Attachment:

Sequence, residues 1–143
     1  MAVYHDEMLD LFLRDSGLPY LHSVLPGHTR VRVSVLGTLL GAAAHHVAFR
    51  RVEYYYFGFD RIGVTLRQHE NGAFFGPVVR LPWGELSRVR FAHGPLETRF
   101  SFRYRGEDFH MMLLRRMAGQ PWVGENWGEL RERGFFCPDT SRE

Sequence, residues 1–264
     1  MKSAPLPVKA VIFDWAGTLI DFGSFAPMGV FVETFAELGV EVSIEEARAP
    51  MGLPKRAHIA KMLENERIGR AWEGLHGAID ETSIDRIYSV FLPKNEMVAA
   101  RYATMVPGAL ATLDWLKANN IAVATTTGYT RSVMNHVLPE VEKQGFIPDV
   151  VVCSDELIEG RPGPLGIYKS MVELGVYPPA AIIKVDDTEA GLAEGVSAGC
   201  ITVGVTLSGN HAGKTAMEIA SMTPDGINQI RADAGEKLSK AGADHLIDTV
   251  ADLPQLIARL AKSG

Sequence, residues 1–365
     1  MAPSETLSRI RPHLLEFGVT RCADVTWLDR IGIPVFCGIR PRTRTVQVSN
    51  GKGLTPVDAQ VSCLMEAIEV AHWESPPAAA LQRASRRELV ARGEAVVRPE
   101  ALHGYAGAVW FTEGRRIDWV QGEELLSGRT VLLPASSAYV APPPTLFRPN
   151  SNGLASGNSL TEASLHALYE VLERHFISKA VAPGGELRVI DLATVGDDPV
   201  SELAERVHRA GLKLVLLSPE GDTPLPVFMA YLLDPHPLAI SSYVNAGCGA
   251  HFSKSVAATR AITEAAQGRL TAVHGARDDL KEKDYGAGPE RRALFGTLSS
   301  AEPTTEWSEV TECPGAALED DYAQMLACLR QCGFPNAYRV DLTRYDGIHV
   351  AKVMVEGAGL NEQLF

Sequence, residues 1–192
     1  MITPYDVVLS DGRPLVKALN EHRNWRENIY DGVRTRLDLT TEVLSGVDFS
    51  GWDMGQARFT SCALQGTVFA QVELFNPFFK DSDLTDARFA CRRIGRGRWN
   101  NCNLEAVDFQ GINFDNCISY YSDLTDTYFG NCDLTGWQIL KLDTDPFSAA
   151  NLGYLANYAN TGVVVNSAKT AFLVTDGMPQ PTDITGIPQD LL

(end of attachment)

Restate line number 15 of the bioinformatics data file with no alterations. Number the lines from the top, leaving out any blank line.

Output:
   101  ALHGYAGAVW FTEGRRIDWV QGEELLSGRT VLLPASSAYV APPPTLFRPN